Sustainability at Surrey: COP27 Solutions Day
With conventional sewage treatment methods causing high greenhouse gas emissions, environmental microbiologist Dr Bing Guo is focused on developing innovative alternatives using biotechnology. To mark COP27 Solutions Day, we caught up with her to learn more.
What are you researching?
We’re trying to find more sustainable ways of processing wastewater (sewage). Our aim is to develop new technologies which reduce harmful emissions and recover energy and nutrients – transforming organic pollutants into clean sources of energy such as biomethane.
The process of removing ammonia from wastewater creates nitrous oxide emissions which have around a 300 times higher greenhouse gas effect than CO2 emissions – so a key aim is to reduce nitrous oxide emissions. This is the focus of a new project with the Environmental Biotechnology Network. It’s a highly complex area because there are thousands of bacterial species involved in the wastewater treatment process and our task, using microbiology methods, is to pinpoint which bacteria produce nitrous oxide. With global water use, storage and distribution accounting for 10 per cent of global greenhouse gas emissions, this could have a big impact towards net zero.
What got you interested in this area of research?
Having studied for my undergraduate degree in environmental engineering I explored different research directions I could pursue. Environmental microbiology and biotechnology are complex systems but powerful ways to achieve low-cost low-energy and low-carbon biodegradation. This is what led to my interest in the way wastewater is processed by microorganisms.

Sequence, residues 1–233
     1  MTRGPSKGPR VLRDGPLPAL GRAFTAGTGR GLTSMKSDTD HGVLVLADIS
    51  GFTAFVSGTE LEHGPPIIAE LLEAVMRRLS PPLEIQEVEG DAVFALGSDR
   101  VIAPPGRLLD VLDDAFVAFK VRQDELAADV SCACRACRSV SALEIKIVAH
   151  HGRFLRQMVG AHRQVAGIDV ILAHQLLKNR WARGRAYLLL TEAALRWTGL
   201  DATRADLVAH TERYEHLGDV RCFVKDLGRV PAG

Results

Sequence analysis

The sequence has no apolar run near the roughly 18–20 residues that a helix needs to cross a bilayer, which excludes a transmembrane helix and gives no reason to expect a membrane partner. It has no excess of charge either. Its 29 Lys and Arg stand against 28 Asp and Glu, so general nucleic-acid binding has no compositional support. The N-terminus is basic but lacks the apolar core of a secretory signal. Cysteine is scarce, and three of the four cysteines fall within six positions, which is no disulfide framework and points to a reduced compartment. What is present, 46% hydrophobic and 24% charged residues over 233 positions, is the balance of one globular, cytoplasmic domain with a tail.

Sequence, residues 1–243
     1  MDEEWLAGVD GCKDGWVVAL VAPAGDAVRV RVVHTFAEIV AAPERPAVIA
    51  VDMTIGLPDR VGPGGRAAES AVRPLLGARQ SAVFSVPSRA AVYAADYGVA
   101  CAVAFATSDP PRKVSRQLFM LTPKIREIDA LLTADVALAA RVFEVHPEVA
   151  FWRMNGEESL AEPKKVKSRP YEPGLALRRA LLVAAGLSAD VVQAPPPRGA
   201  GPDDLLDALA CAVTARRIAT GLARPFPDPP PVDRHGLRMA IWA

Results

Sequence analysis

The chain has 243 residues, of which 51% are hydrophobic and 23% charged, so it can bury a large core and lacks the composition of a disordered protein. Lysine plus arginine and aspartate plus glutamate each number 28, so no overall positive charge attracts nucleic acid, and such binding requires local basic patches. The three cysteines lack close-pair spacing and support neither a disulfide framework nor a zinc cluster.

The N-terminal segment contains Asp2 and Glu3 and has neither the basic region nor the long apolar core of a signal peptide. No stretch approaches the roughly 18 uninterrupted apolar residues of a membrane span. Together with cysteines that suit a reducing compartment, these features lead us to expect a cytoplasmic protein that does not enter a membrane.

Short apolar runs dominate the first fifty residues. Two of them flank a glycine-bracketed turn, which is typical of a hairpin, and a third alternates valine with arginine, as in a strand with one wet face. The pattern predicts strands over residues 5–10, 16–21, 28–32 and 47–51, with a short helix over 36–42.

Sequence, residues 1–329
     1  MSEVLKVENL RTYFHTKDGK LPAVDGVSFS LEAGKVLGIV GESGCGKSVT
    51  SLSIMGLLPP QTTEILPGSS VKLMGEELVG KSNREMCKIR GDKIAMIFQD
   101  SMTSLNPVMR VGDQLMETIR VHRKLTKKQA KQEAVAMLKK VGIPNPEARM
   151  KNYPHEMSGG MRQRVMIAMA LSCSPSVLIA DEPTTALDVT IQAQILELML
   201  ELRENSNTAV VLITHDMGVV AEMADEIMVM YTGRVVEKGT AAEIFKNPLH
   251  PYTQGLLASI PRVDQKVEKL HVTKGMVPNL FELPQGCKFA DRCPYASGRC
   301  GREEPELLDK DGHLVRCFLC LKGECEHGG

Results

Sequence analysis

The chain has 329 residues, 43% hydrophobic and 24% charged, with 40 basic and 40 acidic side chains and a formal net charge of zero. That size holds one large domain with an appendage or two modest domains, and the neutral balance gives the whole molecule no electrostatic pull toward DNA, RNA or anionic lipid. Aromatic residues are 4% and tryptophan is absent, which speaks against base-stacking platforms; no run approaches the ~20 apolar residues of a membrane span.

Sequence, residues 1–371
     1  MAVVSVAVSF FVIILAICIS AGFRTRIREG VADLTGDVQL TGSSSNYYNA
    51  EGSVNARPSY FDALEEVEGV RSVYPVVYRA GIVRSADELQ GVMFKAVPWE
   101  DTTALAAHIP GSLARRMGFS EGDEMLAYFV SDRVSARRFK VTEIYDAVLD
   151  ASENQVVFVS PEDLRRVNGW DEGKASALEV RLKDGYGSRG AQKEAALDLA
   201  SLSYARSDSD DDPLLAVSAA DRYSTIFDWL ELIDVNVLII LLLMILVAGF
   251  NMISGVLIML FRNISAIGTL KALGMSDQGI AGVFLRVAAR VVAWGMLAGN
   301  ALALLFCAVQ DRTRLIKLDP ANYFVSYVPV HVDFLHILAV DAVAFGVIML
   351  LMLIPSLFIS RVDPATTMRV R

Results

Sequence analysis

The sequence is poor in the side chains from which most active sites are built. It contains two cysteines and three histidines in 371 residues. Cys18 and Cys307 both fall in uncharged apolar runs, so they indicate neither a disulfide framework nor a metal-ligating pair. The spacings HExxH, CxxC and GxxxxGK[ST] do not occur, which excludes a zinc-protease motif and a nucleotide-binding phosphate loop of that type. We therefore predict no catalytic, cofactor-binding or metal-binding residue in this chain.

Why is this work so important, and what impact could it have?
When the sewage treatment processes we use today were developed – 100 years ago – the goal was removing pollutants, not sustainability. Today, with the pace of climate change accelerating fast, we urgently need to reassess wastewater engineering methods.
At the same time, around the world, 70 per cent of wastewater is not treated properly which means it flows into and degrades the natural environment. This is even more harmful, not only in terms of CO2 emissions but also public health, because pathogens and antimicrobial resistance from sewage find their way into the drinking water cycle if wastewater is not treated correctly.
The hope is that as wastewater processing is introduced in developing countries we can ‘skip’ conventional methods which generate heavy emissions and install new, sustainable processes.
With news that the world is close to irreversible climate breakdown, what are your reasons for staying hopeful?
We all need to act to meet this challenge, and I feel that this is the part that the research community can play. No one sector can achieve the goal of net zero but through our work, and demonstrating more sustainable processes, we can make an impact on other sectors and the decisions that are made.
Find out more about our research in the Centre for Environmental Health and Engineering.
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